Looking Back: Langley’s history from the week of July 28

It wasn't that long ago that Langley residents were fined for distributing pornography.

Eighty Years Ago

July 23, 1936

A Topping Road (204th St.) area resident narrowly escaped death when he was knocked down and gored by a Jersey bull. A neighbour’s timely arrival saved his life.

Langley had parking problems in the summer of 1936, a filler jingle on the front page of the Advance of the day suggests: “When Noah sailed the well-known blue/He had his troubles as well as you./For days and days he drove the ark/Before he found a place to park.”

Seventy Years Ago

July 25, 1946

The Moorhouse Stages, founded in 1924, were taken over by B.C. Motor Transporation Co. Ltd.

The Twiss family’s jersey herd was dispersed when Green­bank Farm was sold. Three-year-old Greenbank Volunteer Jean fetched $400.

Sixty Years Ago

July 26, 1956

The Lower Mainland regional planning board recommended that a 22-room high school be built in the eastern half of Langley municipality.

A poll by the Langley Board of Trade determined that local shoppers were happy with current shopping hours. Shops were closed on Wednesdays and Sundays, and opened for late hours on Saturdays.

Fifty Years Ago

July 28, 1966

Thieves who broke into two of the buildings at the Fort Langley National Historic Site in an early morning raid made off with old firearms and other antiques.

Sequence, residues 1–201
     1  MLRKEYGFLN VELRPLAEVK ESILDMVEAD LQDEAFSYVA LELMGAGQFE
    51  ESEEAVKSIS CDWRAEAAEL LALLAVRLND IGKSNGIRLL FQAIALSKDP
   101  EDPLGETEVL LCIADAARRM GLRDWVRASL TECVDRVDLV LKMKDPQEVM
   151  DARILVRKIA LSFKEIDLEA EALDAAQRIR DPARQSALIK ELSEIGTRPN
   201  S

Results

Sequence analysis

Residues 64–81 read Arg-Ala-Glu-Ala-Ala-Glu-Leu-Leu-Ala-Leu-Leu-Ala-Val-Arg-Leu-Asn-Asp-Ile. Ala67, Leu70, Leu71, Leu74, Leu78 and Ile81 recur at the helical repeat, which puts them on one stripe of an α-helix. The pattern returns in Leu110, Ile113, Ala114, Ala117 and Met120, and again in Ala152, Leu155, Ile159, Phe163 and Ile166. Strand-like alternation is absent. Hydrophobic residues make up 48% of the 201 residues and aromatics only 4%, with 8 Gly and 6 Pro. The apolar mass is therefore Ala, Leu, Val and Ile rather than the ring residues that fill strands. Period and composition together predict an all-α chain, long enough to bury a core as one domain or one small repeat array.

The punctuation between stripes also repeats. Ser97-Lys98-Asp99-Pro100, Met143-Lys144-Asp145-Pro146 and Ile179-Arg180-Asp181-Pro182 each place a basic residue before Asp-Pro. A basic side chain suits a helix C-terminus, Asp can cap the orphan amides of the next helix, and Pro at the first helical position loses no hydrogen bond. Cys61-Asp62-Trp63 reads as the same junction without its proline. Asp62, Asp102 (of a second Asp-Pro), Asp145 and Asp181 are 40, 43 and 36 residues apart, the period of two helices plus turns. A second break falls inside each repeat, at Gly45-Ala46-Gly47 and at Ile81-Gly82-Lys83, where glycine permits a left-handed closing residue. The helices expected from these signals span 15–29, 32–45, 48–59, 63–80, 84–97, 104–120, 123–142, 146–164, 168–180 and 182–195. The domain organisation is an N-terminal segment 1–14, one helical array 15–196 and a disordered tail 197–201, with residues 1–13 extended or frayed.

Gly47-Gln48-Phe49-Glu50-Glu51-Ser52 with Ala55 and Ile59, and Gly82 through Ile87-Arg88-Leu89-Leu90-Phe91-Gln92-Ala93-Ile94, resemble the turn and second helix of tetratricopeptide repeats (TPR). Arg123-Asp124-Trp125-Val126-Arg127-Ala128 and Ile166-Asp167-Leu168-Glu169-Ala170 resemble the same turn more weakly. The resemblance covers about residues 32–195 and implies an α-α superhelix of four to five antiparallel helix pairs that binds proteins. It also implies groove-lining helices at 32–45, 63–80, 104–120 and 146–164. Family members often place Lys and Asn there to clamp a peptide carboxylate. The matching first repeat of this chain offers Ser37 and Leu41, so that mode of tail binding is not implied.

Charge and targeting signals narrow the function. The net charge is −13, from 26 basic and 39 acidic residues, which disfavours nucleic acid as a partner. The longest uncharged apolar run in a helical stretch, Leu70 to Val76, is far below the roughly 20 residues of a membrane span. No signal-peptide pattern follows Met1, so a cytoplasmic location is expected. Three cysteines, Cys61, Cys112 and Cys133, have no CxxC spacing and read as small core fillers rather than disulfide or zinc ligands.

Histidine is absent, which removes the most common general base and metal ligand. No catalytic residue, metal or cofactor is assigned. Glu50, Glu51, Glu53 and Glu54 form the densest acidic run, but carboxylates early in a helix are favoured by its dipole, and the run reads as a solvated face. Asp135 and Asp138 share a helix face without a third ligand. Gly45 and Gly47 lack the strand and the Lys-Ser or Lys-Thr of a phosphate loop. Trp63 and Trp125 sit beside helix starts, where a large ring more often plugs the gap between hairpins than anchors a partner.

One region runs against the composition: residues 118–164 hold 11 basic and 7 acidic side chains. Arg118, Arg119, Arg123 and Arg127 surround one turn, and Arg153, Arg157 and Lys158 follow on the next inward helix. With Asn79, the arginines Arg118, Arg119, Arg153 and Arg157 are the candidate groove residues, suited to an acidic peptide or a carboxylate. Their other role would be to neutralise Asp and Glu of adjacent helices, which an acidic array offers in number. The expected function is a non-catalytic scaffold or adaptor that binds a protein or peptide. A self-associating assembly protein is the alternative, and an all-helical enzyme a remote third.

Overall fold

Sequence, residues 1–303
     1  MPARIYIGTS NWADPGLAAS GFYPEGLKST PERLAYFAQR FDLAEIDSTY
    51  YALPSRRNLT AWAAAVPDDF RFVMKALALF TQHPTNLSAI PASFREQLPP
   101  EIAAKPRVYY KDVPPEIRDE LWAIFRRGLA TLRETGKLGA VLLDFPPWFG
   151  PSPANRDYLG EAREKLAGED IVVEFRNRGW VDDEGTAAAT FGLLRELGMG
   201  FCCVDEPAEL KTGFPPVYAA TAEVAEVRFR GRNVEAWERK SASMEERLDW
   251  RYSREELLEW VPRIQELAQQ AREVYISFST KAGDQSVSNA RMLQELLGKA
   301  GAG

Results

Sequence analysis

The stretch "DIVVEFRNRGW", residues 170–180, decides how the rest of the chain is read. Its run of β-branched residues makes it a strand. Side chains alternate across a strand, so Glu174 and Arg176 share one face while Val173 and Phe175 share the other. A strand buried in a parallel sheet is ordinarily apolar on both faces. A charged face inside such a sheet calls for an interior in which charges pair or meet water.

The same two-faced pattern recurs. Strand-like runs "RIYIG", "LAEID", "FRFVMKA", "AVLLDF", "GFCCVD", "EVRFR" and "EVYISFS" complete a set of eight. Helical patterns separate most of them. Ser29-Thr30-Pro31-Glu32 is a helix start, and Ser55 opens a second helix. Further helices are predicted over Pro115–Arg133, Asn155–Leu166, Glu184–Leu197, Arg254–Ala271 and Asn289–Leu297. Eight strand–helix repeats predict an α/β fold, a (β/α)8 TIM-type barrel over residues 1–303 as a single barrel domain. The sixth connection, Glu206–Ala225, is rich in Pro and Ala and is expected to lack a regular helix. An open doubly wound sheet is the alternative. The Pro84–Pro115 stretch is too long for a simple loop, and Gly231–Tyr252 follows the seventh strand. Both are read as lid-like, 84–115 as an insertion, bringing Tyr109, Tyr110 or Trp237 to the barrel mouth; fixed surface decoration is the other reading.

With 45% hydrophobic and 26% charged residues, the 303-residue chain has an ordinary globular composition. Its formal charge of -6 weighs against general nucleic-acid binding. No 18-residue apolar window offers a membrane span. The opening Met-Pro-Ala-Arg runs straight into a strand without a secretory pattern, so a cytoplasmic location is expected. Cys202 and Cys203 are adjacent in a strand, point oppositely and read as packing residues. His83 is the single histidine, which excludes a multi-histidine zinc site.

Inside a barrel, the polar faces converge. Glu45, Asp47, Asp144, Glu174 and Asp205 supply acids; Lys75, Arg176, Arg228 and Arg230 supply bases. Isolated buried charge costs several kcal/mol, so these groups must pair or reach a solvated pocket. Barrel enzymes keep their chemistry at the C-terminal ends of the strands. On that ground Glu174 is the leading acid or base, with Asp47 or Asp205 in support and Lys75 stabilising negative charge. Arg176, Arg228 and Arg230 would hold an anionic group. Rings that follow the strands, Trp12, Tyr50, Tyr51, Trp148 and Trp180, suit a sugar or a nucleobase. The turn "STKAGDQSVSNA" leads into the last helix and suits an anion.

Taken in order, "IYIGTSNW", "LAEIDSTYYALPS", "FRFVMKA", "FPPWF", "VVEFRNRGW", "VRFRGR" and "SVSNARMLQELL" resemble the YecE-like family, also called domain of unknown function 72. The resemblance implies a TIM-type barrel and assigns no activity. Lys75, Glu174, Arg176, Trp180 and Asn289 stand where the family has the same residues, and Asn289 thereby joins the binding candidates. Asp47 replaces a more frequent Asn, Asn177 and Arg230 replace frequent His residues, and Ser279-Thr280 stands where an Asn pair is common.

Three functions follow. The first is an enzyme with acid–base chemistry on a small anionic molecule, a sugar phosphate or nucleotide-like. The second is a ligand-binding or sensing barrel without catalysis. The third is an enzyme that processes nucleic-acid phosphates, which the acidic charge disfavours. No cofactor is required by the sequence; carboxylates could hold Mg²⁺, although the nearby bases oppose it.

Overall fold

About two dozen Montreal area students were in Fort Langley for a week, through the Canada Travel Program.

The sole bidder for the Langley City firehall site offered $30,000.

Forty Years Ago

July 22, 1976

A budget review indicated things were looking rosy for Langley Township. Taxation was up $40,000, and licence fee revenue had also been underestimated.

Springfield Developments planned a 115-lot subdivision for 28th Ave. and 276th St.

Alderman Bill Blair was suspicious that Langley was being invaded by coyotes, based on increasing numberrs of claims issued by the municipality under the Sheep and Poultry Compensation Act.

Thirty Years Ago

July 23, 1986

Many Langley businesses were making money hand over fist from the influx of Expo ’86 visitors, but Aldergrove merchants were being left in the cold, a poll undertaken by the Advance discovered.

A Fort Langley resident wondered if malathion being sprayed to control mosquitoes was responsible for the destruction of half of his bee colony.

Twenty Years Ago

July 24, 1996

An open house marking the Langley Advance’s 65th anniversary drew between three and four thousand people.

A $5-million fire destroyed Northwest Kiln in Port Kells.

An Aldergrove couple was found guilty of distributing pornography, and was fined $50 for each of 17 offences.

 

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